Many in IT (especially the vendors) believe that once applications are out of the building and into the "cloud," there's less to worry about. Well, maybe, maybe not. One thing's for sure -- it's not that simple. To the dismay of many, cloud computing doesn't make your application security responsibilities magically disappear.
I hear about management concerns over mobile devices and telecommuting. Some claim "they're just too risky." Yet many of these people are willing to give up control of their business applications and sensitive data to the cloud without question. It's a naïve approach. Regardless of where the computing takes place, you're going to have security issues in the same old areas: technology, people, business processes.
Here are some cloud computing security misconceptions and considerations that you don't want to overlook.
- Practically every aspect of cloud-based applications is affected -- not just generic HTTP traffic going over ports 80 and 443. From user authentication to transaction processing to back-end data access and even Web services exposures. There's a lot to consider -- and secure. Interestingly, this is not much different than the application security concerns in our "old-school" data center configurations. Just don't overlook the details involved.
- What about co-mingling? Is your sensitive data going to be mixed in with other people's systems? Shared Web servers have always made me nervous in the past. If one site is compromised it can put all of the other sites hosted on that server in jeopardy as well. With cloud computing, practically every component of the OSI layers 1 through 7 is shared -- not just the application layer -- so the attack surface can be exponentially increased.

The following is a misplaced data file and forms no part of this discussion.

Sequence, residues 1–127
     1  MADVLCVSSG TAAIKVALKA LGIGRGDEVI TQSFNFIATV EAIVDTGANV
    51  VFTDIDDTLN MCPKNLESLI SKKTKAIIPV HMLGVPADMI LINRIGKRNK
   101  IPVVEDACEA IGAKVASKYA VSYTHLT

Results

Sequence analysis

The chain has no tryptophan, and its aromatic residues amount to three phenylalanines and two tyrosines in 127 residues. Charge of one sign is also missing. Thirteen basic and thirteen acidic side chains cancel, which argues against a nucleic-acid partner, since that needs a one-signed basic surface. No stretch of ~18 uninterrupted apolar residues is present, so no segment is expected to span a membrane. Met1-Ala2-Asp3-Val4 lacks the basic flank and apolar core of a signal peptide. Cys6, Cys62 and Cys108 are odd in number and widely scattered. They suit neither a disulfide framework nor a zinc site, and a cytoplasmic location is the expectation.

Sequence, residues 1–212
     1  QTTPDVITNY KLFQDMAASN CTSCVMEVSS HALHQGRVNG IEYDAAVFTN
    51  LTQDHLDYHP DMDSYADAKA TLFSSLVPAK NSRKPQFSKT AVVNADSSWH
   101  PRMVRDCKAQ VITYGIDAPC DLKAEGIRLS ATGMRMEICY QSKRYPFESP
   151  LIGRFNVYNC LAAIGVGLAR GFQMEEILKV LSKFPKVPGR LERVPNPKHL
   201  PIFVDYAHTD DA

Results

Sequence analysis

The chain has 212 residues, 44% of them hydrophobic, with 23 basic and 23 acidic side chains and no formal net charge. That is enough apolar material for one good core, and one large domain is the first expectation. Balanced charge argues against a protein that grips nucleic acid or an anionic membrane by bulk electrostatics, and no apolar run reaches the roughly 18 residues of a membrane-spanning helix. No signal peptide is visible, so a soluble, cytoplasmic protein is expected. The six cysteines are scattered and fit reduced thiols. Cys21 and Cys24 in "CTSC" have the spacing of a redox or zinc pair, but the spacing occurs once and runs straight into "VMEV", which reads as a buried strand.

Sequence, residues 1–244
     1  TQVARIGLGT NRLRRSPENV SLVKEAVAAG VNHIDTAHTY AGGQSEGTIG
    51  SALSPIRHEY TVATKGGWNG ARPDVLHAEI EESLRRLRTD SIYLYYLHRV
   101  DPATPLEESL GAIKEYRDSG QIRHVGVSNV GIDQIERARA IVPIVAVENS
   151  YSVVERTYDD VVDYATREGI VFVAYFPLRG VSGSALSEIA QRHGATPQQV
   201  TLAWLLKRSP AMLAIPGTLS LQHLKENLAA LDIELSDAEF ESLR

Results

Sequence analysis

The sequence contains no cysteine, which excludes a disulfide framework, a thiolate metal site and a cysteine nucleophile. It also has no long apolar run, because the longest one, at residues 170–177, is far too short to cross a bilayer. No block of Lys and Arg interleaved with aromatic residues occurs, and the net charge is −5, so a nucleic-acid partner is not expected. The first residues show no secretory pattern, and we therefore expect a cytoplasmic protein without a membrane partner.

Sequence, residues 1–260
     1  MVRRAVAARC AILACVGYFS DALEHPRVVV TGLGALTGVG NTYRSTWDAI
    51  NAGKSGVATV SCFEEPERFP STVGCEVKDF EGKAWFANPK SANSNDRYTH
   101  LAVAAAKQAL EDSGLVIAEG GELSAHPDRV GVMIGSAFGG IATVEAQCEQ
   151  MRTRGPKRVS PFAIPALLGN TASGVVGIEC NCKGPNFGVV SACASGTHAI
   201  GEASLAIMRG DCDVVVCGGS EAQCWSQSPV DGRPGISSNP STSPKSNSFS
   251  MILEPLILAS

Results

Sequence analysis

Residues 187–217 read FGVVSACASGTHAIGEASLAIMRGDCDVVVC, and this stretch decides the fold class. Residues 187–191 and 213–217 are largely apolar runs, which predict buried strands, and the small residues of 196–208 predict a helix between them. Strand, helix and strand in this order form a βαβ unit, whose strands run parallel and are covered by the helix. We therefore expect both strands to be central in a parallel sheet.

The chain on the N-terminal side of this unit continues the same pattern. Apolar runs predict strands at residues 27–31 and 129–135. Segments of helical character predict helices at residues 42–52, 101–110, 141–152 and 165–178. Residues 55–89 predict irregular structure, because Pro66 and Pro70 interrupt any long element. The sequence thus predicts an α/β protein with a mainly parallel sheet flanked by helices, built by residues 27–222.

- Penetration testing and source code analysis is still going to be required. Albeit, I could foresee some of the service providers offering "security assessments as a service" -- at least at the OS and network levels -- looking at everyone's systems across the board. Once you get to layer 7 though, every application is unique and so are the security issues. No generic scans here.
- Forensics investigations and any e-discovery requests can be complicated by the complexities of the cloud. This is especially true when servers are brought up and decommissioned on the fly -- possibly without you even knowing about it. Security audit logging and monitoring systems will need to be enhanced, and incident response processes will undoubtedly have to be updated.
- There's a common argument that things such as data leakage and system monitoring are simplified when everything's in one place in the cloud. I just don't see how that's really any different from the average application environment today. Most applications have a front end, back end, and some stuff in between. Unless you've got a really unique configuration that makes calls to applications and databases around the Internet, you still have everything in pretty much the same data center location. Thus the same security issues apply.
- Security in the cloud is often intangible. Unlike security controls within the perimeter, you often don't see it working or even know if it's enabled. This can create both a false sense of security and anxiety about whether or not things are actually locked down.